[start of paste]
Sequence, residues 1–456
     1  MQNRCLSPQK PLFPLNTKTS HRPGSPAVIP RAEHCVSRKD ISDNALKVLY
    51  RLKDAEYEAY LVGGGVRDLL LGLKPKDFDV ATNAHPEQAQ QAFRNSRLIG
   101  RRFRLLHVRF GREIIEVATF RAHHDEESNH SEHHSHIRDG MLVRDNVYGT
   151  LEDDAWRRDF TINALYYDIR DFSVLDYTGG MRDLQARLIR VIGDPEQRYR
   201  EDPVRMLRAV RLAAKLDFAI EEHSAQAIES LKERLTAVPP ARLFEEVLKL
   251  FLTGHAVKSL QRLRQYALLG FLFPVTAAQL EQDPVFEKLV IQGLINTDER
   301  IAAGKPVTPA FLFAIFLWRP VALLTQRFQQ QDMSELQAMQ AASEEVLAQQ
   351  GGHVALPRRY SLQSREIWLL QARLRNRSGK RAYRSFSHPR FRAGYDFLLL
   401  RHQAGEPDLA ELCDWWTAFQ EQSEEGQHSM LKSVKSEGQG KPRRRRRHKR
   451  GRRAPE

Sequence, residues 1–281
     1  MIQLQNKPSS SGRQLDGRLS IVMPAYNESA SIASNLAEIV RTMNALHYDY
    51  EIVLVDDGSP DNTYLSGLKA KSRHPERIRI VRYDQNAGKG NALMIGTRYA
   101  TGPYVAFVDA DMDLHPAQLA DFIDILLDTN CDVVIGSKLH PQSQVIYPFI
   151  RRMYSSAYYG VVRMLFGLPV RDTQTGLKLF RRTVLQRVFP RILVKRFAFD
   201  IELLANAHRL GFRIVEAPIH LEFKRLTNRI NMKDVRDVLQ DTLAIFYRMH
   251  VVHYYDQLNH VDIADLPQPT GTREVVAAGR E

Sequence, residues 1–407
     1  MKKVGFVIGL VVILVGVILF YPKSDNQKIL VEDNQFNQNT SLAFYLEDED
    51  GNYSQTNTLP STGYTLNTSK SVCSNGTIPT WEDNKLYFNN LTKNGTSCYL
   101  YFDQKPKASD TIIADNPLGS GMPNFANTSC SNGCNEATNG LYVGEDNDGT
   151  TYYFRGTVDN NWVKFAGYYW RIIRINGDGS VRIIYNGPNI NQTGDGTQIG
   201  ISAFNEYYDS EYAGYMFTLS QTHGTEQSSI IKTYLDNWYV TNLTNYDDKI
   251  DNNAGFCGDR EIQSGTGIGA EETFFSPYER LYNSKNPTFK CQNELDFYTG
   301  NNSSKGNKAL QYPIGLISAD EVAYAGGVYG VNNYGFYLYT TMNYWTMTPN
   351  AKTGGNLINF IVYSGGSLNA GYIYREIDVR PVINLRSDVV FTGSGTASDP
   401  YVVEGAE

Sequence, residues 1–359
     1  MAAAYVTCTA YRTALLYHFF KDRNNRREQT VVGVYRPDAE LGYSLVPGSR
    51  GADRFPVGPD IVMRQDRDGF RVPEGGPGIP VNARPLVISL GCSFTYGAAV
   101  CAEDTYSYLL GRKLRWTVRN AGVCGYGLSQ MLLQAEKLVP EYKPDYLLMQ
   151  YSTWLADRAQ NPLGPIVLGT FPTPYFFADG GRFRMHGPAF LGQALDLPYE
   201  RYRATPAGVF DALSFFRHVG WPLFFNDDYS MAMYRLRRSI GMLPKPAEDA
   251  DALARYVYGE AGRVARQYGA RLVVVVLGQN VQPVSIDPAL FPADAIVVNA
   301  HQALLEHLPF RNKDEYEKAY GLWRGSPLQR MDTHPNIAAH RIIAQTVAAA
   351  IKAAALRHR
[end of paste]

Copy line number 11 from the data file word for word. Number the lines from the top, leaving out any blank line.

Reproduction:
   451  GRRAPE